By way of encouragement, St. Paul wrote to the Christians of Rome: “You are not in the flesh; on the contrary, you are in the spirit.” He then compared them to non-believers. “Whoever does not have the Spirit of Christ does not belong to him.”

By way of admonishment, a Beautiful Lady spoke to Christians in and well beyond the village of La Salette: “If I want my Son not to abandon you, I am obliged to plead with him constantly.” She wept at the prospect of hearing him say, “I don’t know those people, they don’t belong to me.”

The Spirit of God can dwell only where he is welcome. Mary’s aim was to prepare hearts to receive him. This is essential to our charism. Mary gives us the example of compassion paired with forthrightness, warnings with promises, reproaches with tenderness, and tears throughout—whatever it takes to touch us.

This echoes much of what we find in today’s Sequence, a magnificent poetic text composed some eight hundred years ago. We invoke the Spirit as “the soul’s most welcome guest;” he is “grateful coolness in the heat,” but we also ask him to “melt the frozen, warm the chill.”

In this same context we pray: “Bend the stubborn heart and will;... Guide the steps that go astray.” The Spirit was surely empowering the Blessed Virgin to accomplish these things at La Salette.

Our need of the Spirit is forcefully expressed: “Where you are not, we have naught.” This aptly sums up the second reading.

In Acts the Spirit is described in wind and fire, evoking the creation of the universe in Genesis 1. John, on the other hand, tells how Jesus breathed on the Apostles, closer to the creation of man in Genesis 2, where God “formed the man out of the dust of the ground and blew into his nostrils the breath of life, and the man became a living being.”

The first is more dynamic, the other more intimate (in keeping with Jesus’ words, “Peace be with you” and the experience some have had of “resting” in the Spirit). Both offer life. However the Spirit comes to us, let us welcome him and place ourselves at his service.

Wayne Vanasse, and Fr. René Butler, M.S.

Ready, Willing, Able

(7th Sunday of Easter: Acts 7:55-60; Revelation 22:12-20; John 17:20-26)

The death of Steven is recorded in the first reading. The account includes this sentence: “The witnesses laid down their cloaks at the feet of a young man named Saul.” This is the same Saul who would be later known as Paul.

Steven is venerated as the first Christian martyr. So, it might surprise you to learn that the original Greek word for the witnesses in this passage is martyres. How can this be?

During the Easter season, we have often encountered the same word. The Apostles present themselves as witnesses of the Risen Christ, always martyres in the Greek. That’s what the word means. A martyr, in our modern sense, is first a witness to Jesus, but one who shed his blood for the sake of the Gospel.

Stephen witnessed by word and by imitation. His dying prayer was, “Lord Jesus, receive my spirit... Lord, do not hold this sin against them.” Jesus crucified prayed, “Father, forgive them” and, later, “Father, into your hands I commend my spirit” (Lk 23:34, 46).

During his trial before the Sanhedrin, Jesus said, “You will see the Son of Man seated at the right hand of the Power and coming on the clouds of heaven” (Mt 26:64). That is exactly the vision described by Stephen, which so enraged his audience.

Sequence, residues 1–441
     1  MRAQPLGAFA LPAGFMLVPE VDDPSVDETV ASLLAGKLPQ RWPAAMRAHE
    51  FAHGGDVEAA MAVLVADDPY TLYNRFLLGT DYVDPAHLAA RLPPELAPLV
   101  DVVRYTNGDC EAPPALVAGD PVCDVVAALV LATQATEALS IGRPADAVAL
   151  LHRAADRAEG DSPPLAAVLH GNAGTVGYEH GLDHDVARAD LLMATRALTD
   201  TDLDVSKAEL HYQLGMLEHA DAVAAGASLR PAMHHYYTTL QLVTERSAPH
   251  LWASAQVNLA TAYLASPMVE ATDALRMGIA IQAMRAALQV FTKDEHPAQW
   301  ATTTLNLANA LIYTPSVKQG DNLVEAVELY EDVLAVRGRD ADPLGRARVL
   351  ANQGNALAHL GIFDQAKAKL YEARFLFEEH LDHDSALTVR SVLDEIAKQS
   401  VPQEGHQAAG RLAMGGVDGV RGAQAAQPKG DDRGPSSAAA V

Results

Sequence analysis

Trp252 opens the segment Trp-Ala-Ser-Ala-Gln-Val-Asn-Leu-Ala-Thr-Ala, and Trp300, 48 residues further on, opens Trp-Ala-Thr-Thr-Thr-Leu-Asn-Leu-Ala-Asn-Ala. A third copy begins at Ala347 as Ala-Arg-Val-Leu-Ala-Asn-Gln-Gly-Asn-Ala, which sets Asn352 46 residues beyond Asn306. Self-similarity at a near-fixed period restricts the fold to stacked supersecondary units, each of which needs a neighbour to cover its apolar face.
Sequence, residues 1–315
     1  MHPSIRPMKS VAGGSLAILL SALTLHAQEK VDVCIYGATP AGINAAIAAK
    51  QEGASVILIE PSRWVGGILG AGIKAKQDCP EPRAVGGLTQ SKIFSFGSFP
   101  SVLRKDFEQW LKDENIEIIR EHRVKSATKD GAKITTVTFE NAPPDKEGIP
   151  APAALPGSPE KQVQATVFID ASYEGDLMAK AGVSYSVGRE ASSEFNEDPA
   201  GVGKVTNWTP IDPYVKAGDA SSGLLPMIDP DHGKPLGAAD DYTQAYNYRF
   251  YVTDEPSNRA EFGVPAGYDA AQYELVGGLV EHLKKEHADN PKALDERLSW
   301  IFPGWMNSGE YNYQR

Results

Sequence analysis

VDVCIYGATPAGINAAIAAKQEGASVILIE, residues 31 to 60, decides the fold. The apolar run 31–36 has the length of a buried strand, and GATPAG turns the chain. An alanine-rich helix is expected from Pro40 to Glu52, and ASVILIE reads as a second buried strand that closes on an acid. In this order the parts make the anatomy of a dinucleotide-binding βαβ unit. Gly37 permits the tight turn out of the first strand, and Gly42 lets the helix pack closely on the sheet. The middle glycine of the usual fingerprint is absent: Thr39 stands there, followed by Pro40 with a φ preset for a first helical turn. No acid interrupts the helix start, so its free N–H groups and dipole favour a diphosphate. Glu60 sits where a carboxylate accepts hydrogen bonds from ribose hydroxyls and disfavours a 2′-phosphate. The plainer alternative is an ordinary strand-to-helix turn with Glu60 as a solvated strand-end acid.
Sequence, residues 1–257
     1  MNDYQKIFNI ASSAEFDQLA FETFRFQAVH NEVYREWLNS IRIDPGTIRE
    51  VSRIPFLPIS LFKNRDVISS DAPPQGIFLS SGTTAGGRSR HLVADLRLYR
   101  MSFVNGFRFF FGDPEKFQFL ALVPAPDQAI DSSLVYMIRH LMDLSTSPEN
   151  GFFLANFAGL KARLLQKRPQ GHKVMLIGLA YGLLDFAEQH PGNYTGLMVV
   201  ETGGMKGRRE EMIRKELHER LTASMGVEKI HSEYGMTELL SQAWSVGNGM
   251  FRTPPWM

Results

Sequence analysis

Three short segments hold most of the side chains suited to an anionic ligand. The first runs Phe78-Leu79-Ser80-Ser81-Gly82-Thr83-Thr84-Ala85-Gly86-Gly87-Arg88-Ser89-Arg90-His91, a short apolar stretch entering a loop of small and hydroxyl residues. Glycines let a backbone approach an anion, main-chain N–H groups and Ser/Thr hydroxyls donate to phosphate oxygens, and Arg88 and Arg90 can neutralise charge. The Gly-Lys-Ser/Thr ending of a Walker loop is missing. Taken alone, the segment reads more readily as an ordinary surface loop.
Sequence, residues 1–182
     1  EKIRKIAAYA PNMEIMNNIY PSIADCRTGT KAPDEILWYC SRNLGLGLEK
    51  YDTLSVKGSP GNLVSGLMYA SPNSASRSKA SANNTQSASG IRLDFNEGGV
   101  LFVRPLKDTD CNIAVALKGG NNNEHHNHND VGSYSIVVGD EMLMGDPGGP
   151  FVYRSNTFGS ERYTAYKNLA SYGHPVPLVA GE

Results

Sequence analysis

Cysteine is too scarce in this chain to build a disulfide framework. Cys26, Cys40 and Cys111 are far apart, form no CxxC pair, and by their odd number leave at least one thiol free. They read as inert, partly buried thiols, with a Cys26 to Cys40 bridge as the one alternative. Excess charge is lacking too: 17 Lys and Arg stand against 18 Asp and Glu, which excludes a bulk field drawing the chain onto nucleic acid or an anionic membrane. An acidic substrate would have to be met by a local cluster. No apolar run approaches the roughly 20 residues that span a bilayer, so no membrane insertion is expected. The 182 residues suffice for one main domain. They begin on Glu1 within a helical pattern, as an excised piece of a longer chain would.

Saul, too, would become a faithful and persecuted witness. Over the centuries, how many? How many more to come?

The La Salette Missionaries chose to remain in their mission, witnessing Christ to their people, during Angola’s civil war. Three of them died in the crossfire. Another accompanied the refugees to a camp in Zambia, where he nearly died of starvation. As we write, our Missionaries from Poland are continuing their mission in Ukraine in spite of the war with Russia.

Most of us, “ordinary” witnesses, have not had to make such sacrifices. But it is not enough just to admire their courage as we bring the Beautiful Lady’s great news to the world, by word and example.

Like them, we have to be ready, willing and able to accomplish the mission entrusted to us. If we have the necessary preparation and desire, we can count on Our Lord and Our Lady to give us the courage.

Wayne Vanasse, and Fr. René Butler, M.S.

The Holy Spirit and Us

(6th Sunday of Easter: Acts 15:1-2, 22-29; Rev. 21:10-14, 22-23; John 14:23-29)

The letter sent to the Gentile Christians, in today’s first reading, is essential to our understanding of the Church. The resolution of the crisis is prefaced with the phrase, “It is the decision of the Holy Spirit and of us.”

It is not conceivable that the Apostles and elders might disagree with the Holy Spirit. Why then do they add their decision to that of the Holy Spirit? We will get back to this.

The other readings express similar ideas. Jesus says, “Whoever loves me will keep my word, and my Father will love him, and we will come to him and make our dwelling with him.” In the Apocalypse we read, “I saw no temple in the city for its temple is the Lord God almighty and the Lamb.”

All of these texts reflect the intimate union of the human and the divine in the Church. We have rightly become accustomed to thinking of ourselves as the Church. Without Jesus and the Father and the Spirit, however, we are no different from any other organization. Without us, on the other hand, God lives in trinitarian glory, but there is no Church.

The Beautiful Lady of La Salette spoke to Christians who were Church in name only. Many, by cutting themselves off from the sources of faith provided by the Holy Spirit in the sacraments, were no longer God’s dwelling place or temple.

Two expressions in today’s readings are heard at every celebration of the Eucharist, close together in the Communion rite. They are, “Peace I leave with you; my peace I give to you,” and “the Lamb.” Mary came to restore us to a state of peace with the Lamb of God, who takes away the sins of the world.